NYC’s new development activity shifts back to Manhattan as rates rise

Manhattan-aerial-looking north

New York City’s new development market reported 397 sponsor contracts in April 2022, showing a 14% drop in overall volume from March that was more pronounced in the outer boroughs. Manhattan had a slight 3% dip while Brooklyn and Queens saw 26% and 24% fewer transactions respectively, suggesting the city’s center of gravity is shifting back toward Manhattan. Despite the decrease, contract volume is still 45% higher city-wide than the same period in 2019, before the pandemic.

The overall aggregate dollar volume dropped 7% from March to April 2022, while the median price per square foot and median unit price were essentially unchanged for the second month in a row, indicating that price growth is continuing to level off across the city as activity follows suit.

On the heels of significant changes to the lending climate, New York City is leading into the spring housing market on a trajectory that appears to be headed for “normalcy.” Deal flow is tempering from last year’s boiling point, price growth is stabilizing and long-term appreciation appears healthy – even sustainable. When comparing April 2019 to 2022, we see 7% growth in median price per square foot and 12% growth in median unit price occurring over the course of several years while markets like Miami are seeing that happen in just a year.

“Historically low mortgage rates correlated to a burst of activity in the outer boroughs through the pandemic and now that rates are rising, we’re starting to see Brooklyn and Queens calm down as Manhattan holds steady. With rates set to rise again soon, we could see further decline in contract activity, but that doesn’t mean New York is even coming close to cooling given how far we’ve soared above pre-pandemic levels.”


Manhattan new developments reported 226 contracts in April totaling $786.7M, compared with 232 contracts in March totaling $787M. The median price per square foot held steady month over month, while the median unit price was down 6%.

This was another month for big ticket transactions in the borough, with the fervor for trophy units now also hitting projects that have been on the market through several cycles. 53W53, which launched sales in 2016, signed a $17.5M contract in April, and The Woolworth Tower Residences reported a deal on Pavilion A, which was relisted late last year for $23.4M after a $10M price reduction and three years on the market.


Top Contracts

Top Closings

  • 111 West 57th Street unit 48 sold for $27,911,178 (representing a 9% discount)
  • Central Park Tower unit 47C sold for $15,315,000 (representing a 7% discount) developed by Extell Development Company and SMI USA, designed by Adrian Smith + Gordon Gill Architecture with interiors by Rottet Studio
  • The Benson unit 16 sold for $14.994,000 (representing a 13% price increase) developed by Naftali Group, designed by Peter Pennoyer Architects and Gga Architects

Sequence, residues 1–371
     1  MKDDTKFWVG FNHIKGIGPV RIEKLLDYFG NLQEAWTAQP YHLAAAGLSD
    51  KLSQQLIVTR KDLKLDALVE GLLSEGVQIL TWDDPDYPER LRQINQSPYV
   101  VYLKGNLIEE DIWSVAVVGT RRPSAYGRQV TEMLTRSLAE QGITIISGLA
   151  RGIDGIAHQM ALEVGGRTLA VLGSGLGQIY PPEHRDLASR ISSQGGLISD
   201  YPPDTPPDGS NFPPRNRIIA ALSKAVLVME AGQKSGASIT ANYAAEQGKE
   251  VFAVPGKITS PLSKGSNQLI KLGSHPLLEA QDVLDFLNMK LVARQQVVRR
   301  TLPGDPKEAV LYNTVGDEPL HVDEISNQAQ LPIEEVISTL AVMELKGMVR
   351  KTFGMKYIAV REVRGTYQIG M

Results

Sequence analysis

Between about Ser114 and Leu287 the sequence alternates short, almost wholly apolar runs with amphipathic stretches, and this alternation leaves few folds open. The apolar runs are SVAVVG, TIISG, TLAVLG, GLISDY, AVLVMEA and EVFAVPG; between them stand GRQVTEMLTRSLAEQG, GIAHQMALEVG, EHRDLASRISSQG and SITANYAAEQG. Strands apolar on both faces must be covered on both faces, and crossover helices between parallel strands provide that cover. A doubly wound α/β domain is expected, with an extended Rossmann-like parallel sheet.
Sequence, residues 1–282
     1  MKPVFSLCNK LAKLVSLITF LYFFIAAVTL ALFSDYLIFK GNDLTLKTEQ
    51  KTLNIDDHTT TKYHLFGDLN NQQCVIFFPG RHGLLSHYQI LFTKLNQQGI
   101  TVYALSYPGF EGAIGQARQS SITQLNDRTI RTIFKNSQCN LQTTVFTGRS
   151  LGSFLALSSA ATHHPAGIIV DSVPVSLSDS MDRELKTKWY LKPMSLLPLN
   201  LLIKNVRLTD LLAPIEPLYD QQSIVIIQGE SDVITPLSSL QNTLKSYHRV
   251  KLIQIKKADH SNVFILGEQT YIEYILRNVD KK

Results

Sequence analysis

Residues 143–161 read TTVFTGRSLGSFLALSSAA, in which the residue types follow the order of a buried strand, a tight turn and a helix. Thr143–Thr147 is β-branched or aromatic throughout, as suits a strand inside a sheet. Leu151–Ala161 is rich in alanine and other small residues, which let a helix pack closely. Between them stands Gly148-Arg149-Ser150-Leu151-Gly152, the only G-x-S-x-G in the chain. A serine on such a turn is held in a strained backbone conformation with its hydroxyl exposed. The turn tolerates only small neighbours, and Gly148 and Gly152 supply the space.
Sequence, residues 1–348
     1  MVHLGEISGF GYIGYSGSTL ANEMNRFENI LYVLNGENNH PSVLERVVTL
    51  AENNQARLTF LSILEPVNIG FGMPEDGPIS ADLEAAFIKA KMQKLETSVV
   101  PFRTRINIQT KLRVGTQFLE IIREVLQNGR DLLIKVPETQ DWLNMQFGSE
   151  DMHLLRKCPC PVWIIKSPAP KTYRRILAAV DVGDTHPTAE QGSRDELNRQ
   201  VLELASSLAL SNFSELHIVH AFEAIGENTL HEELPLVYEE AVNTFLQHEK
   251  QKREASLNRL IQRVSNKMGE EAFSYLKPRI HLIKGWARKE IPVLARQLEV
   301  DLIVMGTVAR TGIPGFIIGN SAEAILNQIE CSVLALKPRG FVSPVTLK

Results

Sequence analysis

Brooklyn new developments reported 145 sponsor contracts totaling $227.7M in April, marking a 26% drop in activity from March and a nearly 25% decrease in aggregate dollar volume. The median price also declined but not as drastically, with a 2% change and 7% change respectively.

Once again, Fortis Property Group’s Olympia Dumbo – designed by Hillwest Architects with interiors by Workstead – accounted for all three of the month’s top contracts. Quay Tower nabbed the fourth slot with a contract on a 19th-floor, three-bedroom unit last asking $4.325M.


Top Contracts

Top Closings

  • 58 Saint Marks Place unit 1205 sold for $5,000,000, developed by Avdoo & Partners Development, designed by Issac & Stern Architects and INC Architecture & Design
  • One Clinton unit 35B sold for $4,650,000 (representing a 2% discount), developed by Hudson Companies, designed by Marvel Architects with interiors by Studio DB
  • 5 River Park unit 8B sold for $4,373,914 (representing an 8% increase), developed by Fortis Property Group, designed by Romines Architecture


Queens saw 26 new development contracts in April, a 24% decrease from March’s 34 reported deals. The aggregate dollar volume decreased in line with contract levels, down 26% at $28.3M, while median pricing declined 7% for price per square foot and 12% for unit price.

It was another active month for the borough’s largest condominium development, Skyline Tower, which inked several new contracts and also marked two top three closings.


Top Contracts

  • The Rowan PHA last asking $2,175,000, developed by RockFarmer Properties and designed by DXA Studio
  • Skyline Tower unit 5710 last asking $1,861,112, developed by Risland U.S. Holdings, United Construction & Development and FSA Capital, and designed by Hillwest Architects with interiors by Whitehall Interiors
  • Skyline Tower unit 4809 last asking $1,663,000

Top Closings

  • Skyline Tower unit 2312 sold for $1,341,600 as part of a bulk sale with unit 2311, which sold for $1,901,640
  • Tangram House South PH2D sold for $3,099,800, developed by F&T Group and Shanghai Construction Group, designed by Margulies Hoelzli Architecture and JG Neukomm Architecture

Report Methodology

  • Report is based on reported contracts and may not represent all contracts signed
  • Prices are based on the last asking price before a unit was put into contract
  • New development contracts are sponsor stage (sponsor controlled) projects that are eligible to sell units
  • Data as of 5/1/2022

Lead photo by Florian Wehde on Unsplash